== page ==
Neera Tanden: How Tweets cost her career

Neera Tanden’s withdrawal from consideration to head a government agency leads us to wonder: What went wrong?


Evanthia Stirou

Neera Tanden’s confirmation was doomed by past Tweets coming back to haunt her.

Jackson Nealis, Staff Writer

It seemed like Neera Tanden’s career was finally peaking. After years of wandering around in Democratic politics, working for think tanks and the Clinton family, her experience with the think tank Center For American Progress would finally land her at the top: a nomination to be director of the Office of Management and Budget.

But this isn’t a story of success. This isn’t a story of the daughter of immigrants from India finally achieving a high level governmental post because Tuesday evening, Neera Tanden withdrew as the nominee for the director of the Office of Management and Budget. This is about how Neera Tanden’s Tweets cost her her career.

Politics and government are supposed to be about lifting the country up. But the reality of politics is that to win elections, policy battles and the hearts and minds of the country, you must tear your opponents down. And to win partisan battles and prove her viewpoints, Tanden found a new political soapbox, one where she could advance her goals in short and powerful bursts and with messages designed to go viral. She found Twitter.

In Twitter’s 280 character limit, Tanden found her voice: an online voice that attacked her Republican opponents and advanced the agenda of the Center for American Progress. She was a loyal Democratic warrior and that was part of the reason President Biden picked her.

However, presidential nomination wasn’t all Tanden needed to take the helm of the Office of Management and Budget. She needed to testify before the Senate; she needed to sit and answer questions in the hot seat of the Senate Budget and Homeland Security Committees. And on the other side of the table sat those very Republicans Tanden had attacked in the online Colosseum of Twitter.

Neera Tanden, the president’s nominee for the Director of the OMB, generated controversy on Twitter.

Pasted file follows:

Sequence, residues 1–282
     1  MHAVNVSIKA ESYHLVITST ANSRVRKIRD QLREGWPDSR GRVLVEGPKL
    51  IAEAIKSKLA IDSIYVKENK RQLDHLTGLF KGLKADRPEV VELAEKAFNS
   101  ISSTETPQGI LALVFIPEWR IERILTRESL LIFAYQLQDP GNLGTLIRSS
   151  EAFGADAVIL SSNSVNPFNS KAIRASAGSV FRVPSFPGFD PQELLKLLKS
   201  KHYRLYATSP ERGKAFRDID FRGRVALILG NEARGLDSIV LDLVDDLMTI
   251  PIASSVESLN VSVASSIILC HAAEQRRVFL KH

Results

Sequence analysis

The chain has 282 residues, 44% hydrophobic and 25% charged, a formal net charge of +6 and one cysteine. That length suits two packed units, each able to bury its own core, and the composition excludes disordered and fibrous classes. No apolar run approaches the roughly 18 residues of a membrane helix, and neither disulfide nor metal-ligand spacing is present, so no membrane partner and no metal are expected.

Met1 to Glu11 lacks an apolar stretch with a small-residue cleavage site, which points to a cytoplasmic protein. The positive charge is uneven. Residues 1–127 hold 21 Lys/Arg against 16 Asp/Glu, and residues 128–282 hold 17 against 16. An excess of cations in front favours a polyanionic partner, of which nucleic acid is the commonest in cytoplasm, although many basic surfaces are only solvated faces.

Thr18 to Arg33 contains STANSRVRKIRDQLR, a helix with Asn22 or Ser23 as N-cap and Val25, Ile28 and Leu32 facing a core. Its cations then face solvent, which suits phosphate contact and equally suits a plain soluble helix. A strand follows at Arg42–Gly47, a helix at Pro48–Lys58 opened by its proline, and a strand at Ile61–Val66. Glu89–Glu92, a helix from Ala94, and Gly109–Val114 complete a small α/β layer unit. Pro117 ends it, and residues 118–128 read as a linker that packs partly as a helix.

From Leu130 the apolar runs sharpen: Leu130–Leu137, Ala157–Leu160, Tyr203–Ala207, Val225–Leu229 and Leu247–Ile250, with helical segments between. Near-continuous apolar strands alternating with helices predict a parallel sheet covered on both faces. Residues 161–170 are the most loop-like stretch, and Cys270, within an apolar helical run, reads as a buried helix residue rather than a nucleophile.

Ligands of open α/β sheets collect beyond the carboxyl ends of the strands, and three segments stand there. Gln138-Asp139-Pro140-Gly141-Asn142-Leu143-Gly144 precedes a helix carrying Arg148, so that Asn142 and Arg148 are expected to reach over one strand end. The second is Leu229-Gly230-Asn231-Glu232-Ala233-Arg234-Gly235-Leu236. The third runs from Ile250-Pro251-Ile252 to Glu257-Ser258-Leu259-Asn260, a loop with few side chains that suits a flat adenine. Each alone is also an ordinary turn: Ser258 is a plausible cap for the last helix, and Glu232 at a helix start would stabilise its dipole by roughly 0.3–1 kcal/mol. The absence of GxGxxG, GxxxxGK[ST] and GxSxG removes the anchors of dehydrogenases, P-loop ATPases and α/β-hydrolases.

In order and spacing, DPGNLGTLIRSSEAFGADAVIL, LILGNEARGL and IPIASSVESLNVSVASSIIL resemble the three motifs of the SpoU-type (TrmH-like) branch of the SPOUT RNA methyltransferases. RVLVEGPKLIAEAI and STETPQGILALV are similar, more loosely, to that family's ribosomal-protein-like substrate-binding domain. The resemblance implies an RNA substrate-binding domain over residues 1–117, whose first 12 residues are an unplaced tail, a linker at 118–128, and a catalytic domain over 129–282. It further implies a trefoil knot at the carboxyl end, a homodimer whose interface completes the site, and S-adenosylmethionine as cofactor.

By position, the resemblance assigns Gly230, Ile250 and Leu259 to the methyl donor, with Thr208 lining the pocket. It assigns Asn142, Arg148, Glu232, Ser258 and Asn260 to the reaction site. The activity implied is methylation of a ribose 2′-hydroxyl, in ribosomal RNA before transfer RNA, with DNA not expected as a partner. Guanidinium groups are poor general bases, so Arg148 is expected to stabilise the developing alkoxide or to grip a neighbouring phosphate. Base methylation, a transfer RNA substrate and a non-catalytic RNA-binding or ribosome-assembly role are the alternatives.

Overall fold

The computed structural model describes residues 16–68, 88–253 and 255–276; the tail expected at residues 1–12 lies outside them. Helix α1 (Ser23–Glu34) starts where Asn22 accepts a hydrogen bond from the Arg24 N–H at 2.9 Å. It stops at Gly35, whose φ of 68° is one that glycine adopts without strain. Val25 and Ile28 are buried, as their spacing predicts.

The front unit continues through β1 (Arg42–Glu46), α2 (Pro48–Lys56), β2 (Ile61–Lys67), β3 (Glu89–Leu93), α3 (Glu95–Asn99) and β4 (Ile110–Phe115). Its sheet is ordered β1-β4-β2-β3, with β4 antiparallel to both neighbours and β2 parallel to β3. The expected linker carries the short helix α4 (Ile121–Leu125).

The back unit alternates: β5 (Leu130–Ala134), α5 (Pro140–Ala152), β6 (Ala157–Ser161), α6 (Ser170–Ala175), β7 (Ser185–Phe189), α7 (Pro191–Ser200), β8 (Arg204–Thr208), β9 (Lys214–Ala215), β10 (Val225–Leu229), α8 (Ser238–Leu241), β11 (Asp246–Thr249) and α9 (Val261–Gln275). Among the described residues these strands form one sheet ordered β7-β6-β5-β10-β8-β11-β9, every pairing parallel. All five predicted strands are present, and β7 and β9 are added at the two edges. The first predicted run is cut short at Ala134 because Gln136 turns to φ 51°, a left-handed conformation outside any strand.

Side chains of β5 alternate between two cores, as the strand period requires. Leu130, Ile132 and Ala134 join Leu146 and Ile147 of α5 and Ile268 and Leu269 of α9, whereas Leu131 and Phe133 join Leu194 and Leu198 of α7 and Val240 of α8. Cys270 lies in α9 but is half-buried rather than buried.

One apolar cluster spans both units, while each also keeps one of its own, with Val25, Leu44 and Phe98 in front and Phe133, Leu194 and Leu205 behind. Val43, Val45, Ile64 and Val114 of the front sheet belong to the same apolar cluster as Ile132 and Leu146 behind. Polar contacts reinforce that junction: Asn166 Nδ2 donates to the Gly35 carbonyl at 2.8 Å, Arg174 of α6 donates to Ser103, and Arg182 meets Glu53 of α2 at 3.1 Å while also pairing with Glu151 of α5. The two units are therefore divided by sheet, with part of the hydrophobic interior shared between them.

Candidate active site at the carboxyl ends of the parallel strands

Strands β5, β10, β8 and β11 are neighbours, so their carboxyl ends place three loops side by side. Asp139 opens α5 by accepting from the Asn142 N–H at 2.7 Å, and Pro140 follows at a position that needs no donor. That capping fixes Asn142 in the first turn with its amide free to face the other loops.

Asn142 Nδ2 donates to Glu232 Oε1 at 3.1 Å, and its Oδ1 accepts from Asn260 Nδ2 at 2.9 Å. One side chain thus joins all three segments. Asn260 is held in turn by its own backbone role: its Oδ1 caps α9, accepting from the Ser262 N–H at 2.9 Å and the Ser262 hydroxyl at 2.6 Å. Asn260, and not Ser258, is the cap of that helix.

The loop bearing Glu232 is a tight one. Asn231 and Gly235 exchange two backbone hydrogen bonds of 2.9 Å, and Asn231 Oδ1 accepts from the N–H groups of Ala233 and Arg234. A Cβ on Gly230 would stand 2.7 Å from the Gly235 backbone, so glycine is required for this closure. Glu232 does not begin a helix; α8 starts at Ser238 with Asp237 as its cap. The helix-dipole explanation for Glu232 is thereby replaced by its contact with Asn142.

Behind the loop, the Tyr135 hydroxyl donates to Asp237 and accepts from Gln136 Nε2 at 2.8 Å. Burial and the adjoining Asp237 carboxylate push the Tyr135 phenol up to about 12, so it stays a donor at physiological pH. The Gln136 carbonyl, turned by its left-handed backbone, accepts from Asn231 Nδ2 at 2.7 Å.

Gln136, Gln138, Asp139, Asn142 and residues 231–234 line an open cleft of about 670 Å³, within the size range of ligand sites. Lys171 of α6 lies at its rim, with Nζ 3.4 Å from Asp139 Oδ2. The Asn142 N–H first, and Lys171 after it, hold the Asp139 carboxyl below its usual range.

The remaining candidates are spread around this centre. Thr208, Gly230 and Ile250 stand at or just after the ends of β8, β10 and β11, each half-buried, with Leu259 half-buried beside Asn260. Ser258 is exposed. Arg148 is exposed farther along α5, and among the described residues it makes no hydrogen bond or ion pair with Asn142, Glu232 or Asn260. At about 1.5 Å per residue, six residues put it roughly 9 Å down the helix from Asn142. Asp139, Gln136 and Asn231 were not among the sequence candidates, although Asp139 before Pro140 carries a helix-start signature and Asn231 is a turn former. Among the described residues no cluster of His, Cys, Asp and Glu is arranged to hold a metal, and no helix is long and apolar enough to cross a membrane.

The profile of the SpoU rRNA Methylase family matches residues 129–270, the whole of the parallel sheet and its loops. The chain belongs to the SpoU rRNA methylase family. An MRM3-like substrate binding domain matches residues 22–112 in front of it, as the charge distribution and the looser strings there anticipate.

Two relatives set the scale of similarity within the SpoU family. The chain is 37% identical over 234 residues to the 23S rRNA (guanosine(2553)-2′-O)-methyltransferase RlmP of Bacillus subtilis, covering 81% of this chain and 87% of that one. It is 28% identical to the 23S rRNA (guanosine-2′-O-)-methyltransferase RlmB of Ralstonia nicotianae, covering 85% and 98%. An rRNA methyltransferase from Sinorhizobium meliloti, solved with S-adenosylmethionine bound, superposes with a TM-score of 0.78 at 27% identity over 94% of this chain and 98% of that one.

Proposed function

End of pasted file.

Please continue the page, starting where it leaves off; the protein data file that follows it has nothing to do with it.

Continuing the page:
Her most vicious attacks included when Tanden had Tweeted that Senator Ted Cruz had “less heart than a vampire.” She compared the most powerful Republican in the Senate, Minority Leader Mitch McConnell, to Harry Potter villain Voldemort. She wasn’t just limited to attacks on Republicans but viciously attacked progressive Senator Bernie Sanders and his supporters as well, calling him “everything except an ignorant s***” as Senator John Kennedy noted in a viral moment from her hearing. The Senate is evenly divided between Republicans and Democrats, with the Democrats holding the narrowest majority needed to confirm Tanden and allow her to head the OMB. That all changed when Joe Manchin changed his vote.

Joe Manchin, a Democratic Senator from West Virginia, is no ordinary Democrat. Donald Trump won in his state by almost 40 points but he keeps winning. He is in favor of the coal industry and is supportive of many Republican policies. He gave the Republicans the one vote they needed to sink her nomination because he was sick of the partisan vitriol that Tanden’s tweets represented.

However, many noted the hypocrisy of attacking Tanden for her tweets while, for the past few years, letting Trump’s tweets slide, many of which were more controversial than Tanden’s name calling. Trump fired officials via Tweet, and denigrated the veracity of the election, criticized Jeb(!) Bush for wearing contacts, challenged the mental acumen of President Biden and his own cabinet secretaries as well as calling Grammy award-winning singer Betty Milder “extremely unattractive”, all from his smartphone. For many, the double standard was and remains obvious.

Back to Tanden. Now needing a Republican vote, Tanden turned to moderate Republican Senators and Susan Collins. Collins, a centrist from Maine, seemed like a sure bet to vote to support the President’s nominee, but oh wait, Tanden had Tweeted that Collins was “criminally ignorant” and “the worst.” Collins was a Nay and Tanden’s nomination was slipping away. Even worse, Collins was now bashing Tanden for deleting a thousand of her most controversial tweets, believing that she was covering up information that Americans should have.

Now, you may be asking yourself, what do partisan battles over an obscure White House nomination have to do with us? Mainly, the Tanden saga teaches us to beware the perils of social media. Tanden’s posts have doomed her career in government and have sent her back to being an obscure think tank leader.

Every time we click send on a Tweet or a Facebook post or an Instagram Story, we need to remind ourselves that everything we post can come back to haunt us later in our careers.

Tanden was lost in her bubble of like-minded people and the dopamine buzz of Twitter likes: her tweets attacking Susan Collins sometimes got over 8,000 likes each, giving her encouragement. She was encouraged by her Twitter followers to push the most controversial opinions. However, once she left her that bubble and entered the halls of Congress, those controversial opinions became the nails in her coffin.

Tanden will not be headed to the Office of Management and Budget. Instead, she will be a martyr in the eyes of her Twitter followers, but also an example for us ordinary Americans. Be careful of what you post online. Avoid being trapped in like-minded bubbles. Some may find little consequence for what we post online, but the Neera Tanden story tells us that our words still matter and that our careers can end with one tweet.